6. As anticipated, Stan Van Gundy was excellent on NBC Sports Network's abbreviated coverage of the Georgetown-Florida men's basketball game on Friday. Van Gundy knows his Xs and O's and delivered his usual blunt opinions. Asked for his thoughts on the Lakers firing Mike Brown after five games, Van Gundy did not hold back. Said Stan Van: "Ridiculous, and understand what the Lakers have done since the end of last year: Organizational decisions to change the entire coaching staff. Three assistants were replaced. Organizational decisions to bring in two great players, in Steve Nash and Dwight Howard. Organizational decisions to change the offense. That's a lot of changes. What did you think? After five games everything would be running smoothly? If you are not committed to your coach, make the change in the offseason. To waste training camp, and make the change now, it smacks of panic."
6a. Speaking of Van Gundy, ESPN president John Skipper told the Sports Business Journal the NBA had no role in the former Orlando coach's failure to land a studio analyst role at ESPN. That counters what Jeff Van Gundy strongly suggested to USA Today. Stan has also made the charge that ESPN reneged on a deal at the behest of the league.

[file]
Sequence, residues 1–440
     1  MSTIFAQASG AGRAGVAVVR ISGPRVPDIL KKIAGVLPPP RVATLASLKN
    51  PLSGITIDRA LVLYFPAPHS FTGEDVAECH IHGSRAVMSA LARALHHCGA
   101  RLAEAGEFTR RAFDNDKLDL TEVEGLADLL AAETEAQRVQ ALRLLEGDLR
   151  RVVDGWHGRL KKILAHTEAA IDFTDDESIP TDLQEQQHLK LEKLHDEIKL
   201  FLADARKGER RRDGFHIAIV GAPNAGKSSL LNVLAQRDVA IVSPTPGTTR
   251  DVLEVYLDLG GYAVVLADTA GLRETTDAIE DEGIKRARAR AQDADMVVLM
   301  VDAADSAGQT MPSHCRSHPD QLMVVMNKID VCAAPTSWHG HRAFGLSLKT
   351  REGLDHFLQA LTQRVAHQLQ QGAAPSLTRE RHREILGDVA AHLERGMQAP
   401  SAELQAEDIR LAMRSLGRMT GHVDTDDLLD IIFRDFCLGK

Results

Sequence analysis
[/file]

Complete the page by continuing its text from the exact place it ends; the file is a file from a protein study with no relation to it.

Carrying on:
"When we're doing games, we of course consult with our partners," Skipper said. "We're licensing their product to put on our air. I will state categorically that the decision not to hire Stan Van Gundy was my decision and only my decision. We looked at a number of people to put on our studio show. I wanted to bring in Bill Simmons, which we did. Simmons had a relationship with Jalen Rose. We brought Stan Van Gundy in to audition. He did very well. We did proceed with a discussion with him about potentially hiring him and then I decided not to. The only time I had a discussion with David [Stern] was when I told him, 'This is what we're going to do.' "